Cousins do count

girls playing

A cousin is a little bit of childhood that can never be lost.

I have been thinking an awful lot about family lately. On the day our grandpa died, my cousins and I descended on the home of my grandparents. Ostensibly, we gathered to comfort our newly widowed grandmother. Really, we gathered to comfort ourselves.


As we sat together in chairs scattered around the kitchen, the funeral director providing somber instruction, my two cousins and I began to get a case of the giggles. As we whispered to each other, our mothers shot us the look. Every mother has it. It is the look that made us sit up straighter and try to behave.

Telling the story later I straight-faced said “the adults corrected us.” Keep in mind that I am an adult with grown children of my own, and I still refer to my mother, aunt and grandmother as “the adults.” My equally grown cousins agree with me. Get us together and we feel like kids again. We always look for the adultier adults.

Cousins are awesome

I mean mine are. I can’t speak for yours. I always feel sad for people who aren’t close to cousins. It seems an awful loss. Cousins are often the first friends we have as children. No one will understand your crazy family like your cousins do.

Cousins count because they are the bad influence your parents can’t forbid you to see. What are they gonna do? Cancel Christmas? Of course my best friend, cousin and partner and crime have been friends for so long we have no idea which one of us is actually the bad influence. We each claim it’s the other one.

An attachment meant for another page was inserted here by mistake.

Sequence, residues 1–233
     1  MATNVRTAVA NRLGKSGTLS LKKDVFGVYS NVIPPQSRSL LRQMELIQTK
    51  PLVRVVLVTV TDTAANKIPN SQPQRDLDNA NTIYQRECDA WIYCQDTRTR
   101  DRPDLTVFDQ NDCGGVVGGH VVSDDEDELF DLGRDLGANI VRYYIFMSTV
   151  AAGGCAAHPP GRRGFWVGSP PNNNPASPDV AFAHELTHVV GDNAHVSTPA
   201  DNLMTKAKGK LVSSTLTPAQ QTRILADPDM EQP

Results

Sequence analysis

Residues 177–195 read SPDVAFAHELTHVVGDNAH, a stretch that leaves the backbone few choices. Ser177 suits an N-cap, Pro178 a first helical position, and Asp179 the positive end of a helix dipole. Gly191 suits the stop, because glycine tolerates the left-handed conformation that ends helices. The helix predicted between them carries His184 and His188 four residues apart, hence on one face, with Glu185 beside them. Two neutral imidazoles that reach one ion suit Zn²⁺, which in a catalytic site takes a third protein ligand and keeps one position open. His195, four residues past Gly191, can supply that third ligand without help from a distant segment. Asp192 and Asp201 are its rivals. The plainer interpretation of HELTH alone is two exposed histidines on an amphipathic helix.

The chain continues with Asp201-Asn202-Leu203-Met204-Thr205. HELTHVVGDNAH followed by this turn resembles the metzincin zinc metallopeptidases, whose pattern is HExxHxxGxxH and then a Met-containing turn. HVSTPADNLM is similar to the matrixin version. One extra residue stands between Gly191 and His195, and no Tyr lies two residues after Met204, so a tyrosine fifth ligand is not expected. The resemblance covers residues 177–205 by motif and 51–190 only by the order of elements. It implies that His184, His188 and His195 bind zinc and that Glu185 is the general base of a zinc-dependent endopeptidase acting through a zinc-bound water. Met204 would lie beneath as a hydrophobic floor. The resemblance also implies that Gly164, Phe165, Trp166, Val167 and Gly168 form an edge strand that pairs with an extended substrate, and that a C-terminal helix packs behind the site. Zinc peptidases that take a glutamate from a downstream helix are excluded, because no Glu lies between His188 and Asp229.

Speaking of which, even the black sheep cousins can be fun. We may not always understand their specific kind of crazy, but we admire the heck out of their commitment to it.

Friends by choice

Cousins by blood can become friends by choice. Why not? A cousin is someone who knows all about you AND your crazy family — and loves you anyway.

Cousins are built-in friends when you are at family functions. Honestly who else is going to take part in shenanigans, add their own ridiculousness for good measure and still not tattle on you?

Even if the jig is up, if your family is decent-sized, there are too many cousins for the parents to discipline all at once. If you’re lucky the adults are outnumbered.

Having cousins around during times of stress and loss is so helpful. They prop, tease, laugh and help us hold our memories together. We strengthen them through repetition and tradition.

When I think back on all our years together, I realize we didn’t know we were making lasting memories. We just thought we were having fun.

If you have petty disagreements, you are likely to heal and move forward. You’re probably going to see each other at gatherings and holidays so you may as well just go ahead and get over it. They also tend to hone a healthy sense of humor. Without cousins who would teach you to snipe hunt?


In the case of younger cousins, they are sometimes practice for your own children. My own younger cousins did that for me.

Whether you do or don’t have siblings, cousins are the front line in familial peers. My cousins were absolutely essential for adding flair to my growing up as an only child. I cannot imagine life without them then or now.

The other day — a sad one — I looked around the room at the people who felt what I felt. Who understood my loss. I realized these are the moments and the people who make life worth living. These are my people. This is my tribe. We may grow in different directions but our roots remain as one.


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Kymberly Foster Seabolt lives in rural Appalachia with the always popular Mr. Wonderful, two small dogs, one large cat, two wandering goats, and a growing extended family.



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